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July 20 2020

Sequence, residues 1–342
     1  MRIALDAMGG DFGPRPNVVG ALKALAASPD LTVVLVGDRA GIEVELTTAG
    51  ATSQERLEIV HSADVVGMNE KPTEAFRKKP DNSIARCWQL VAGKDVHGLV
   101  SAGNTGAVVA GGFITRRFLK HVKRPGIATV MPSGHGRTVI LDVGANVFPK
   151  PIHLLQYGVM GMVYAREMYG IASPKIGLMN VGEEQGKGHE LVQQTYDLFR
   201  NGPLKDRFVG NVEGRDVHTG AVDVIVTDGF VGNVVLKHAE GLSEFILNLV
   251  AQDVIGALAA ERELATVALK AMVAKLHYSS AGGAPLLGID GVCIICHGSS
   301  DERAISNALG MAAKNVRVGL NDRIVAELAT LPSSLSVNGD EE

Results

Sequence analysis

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24 The Journal of Commerce | July 20 2020 Special Report Peak-Season Forecast: Ocean and Intermodal Rail WITH US IMPORTS from Asia showing signs of recovering, trans-Pacific car- riers have imposed a highly unusual third general rate increase (GRI) in one month's time. Importers and forwarders say carriers, who filed July 1 GRIs as high as $1,500 with US regulators, are quoting figures between $250 and $800 per FEU. There's nothing new about carriers levying such charges as the summer–fall peak shipping season for retailers approaches. However, carriers had already implemented GRIs on June 1 and June 15, so the July 1 increase was the third in a month, an unusual occurrence even during periods of high demand. Car- riers and their customers said rates will continue to rise even though volumes are down almost 10 percent from the first five months of 2019, according to PIERS, a sister company of The Journal of Commerce within IHS Markit. Eight carriers last month filed July 1 GRIs with the Federal Maritime Commission, the US's top maritime regulator. Hapag-Lloyd filed a $1,500-per-FEU GRI; APL, Evergreen, HMM, Yang Ming, and Ocean Network Express filed $1,000 GRIs; and Cosco Shipping's GRI was $800 per FEU. Hapag-Lloyd also posted a $1,500 GRI for July 20 and a $1,500 GRI for Aug. 1, according to Sea- Intelligence Maritime Con- sulting. Carriers rarely succeed in implementing the full GRIs they file with the FMC. One non-vessel-operating com- mon carrier (NVO) told The Journal of Commerce he was quoted GRIs in the range of $250 to $400 per FEU while two others said they had been quoted $400 to $800 per FEU. Kevin Krause, vice president of ocean services at SEKO Logistics, told The Journal of Commerce he is seeing GRIs of $500 to $800 per FEU. "Some are talking about a PSS [peak-season surcharge] on top of that," he said. The GRIs will apply to freight volumes shipped in excess of minimum quantity commitments (MQCs) by beneficial cargo owners (BCOs) as well as NVOs. The NVOs and BCOs said some carriers are indi- cating that peak-season surcharges may be charged on top of the GRIs. In past years, carriers often began to quote PSSs in June or July, but the surcharges were delayed until early fall, when the majority of holiday merchandise is shipped. Jon Monroe, who serves as a consultant to NVOs, said carriers were emboldened by the GRIs they imposed on June 1 and June 15, which is why they came in with a July 1 GRI. "Carriers are now more confident about their future, given the general rate increases and another on the way," he said in a late June newsletter to clients. "What is happening now is the carriers are overbooking vessels and forcing con- tainers to be rolled." Bruce Chilton, vice president of trade management at Ascent Global Logistics, said in addition to the July 1 GRIs, a number of carriers also announced a mid-July rate increase. "We will definitely see rates rise on July 1 and July 15," he said. NVOs with contracts that name specific retailers and importers are still able to ship those volumes under their contract rate, but any shipments above the weekly allot- ment must pay the additional rate. "Our allotments are pretty much used up. For anything above that, Rule of three Trans-Pacific carriers push third GRI in a month By Bill Mongelluzzo "Carriers are now more confident about their future, given the general rate increases and another on the way."

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